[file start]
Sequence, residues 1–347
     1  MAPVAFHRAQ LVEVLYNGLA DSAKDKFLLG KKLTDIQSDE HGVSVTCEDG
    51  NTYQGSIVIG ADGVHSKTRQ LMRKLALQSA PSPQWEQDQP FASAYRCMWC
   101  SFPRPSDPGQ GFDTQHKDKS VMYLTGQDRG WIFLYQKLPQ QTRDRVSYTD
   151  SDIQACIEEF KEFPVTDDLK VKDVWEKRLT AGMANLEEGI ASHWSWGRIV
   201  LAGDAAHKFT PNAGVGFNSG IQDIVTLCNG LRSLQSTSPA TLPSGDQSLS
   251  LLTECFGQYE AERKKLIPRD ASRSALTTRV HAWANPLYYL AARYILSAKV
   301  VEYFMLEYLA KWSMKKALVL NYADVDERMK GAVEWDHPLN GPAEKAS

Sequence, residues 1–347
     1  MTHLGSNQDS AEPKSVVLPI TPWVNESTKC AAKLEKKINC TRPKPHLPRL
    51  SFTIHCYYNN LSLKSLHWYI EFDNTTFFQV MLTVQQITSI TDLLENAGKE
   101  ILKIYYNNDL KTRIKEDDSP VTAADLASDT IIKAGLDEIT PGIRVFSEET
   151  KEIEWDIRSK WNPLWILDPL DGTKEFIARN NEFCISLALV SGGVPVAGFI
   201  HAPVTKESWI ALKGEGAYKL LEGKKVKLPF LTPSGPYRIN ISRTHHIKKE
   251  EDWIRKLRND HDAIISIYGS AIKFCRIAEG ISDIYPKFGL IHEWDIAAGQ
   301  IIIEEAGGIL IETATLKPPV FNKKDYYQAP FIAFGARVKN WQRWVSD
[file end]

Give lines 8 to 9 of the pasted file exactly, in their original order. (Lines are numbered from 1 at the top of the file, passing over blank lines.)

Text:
   301  VEYFMLEYLA KWSMKKALVL NYADVDERMK GAVEWDHPLN GPAEKAS

Sequence, residues 1–347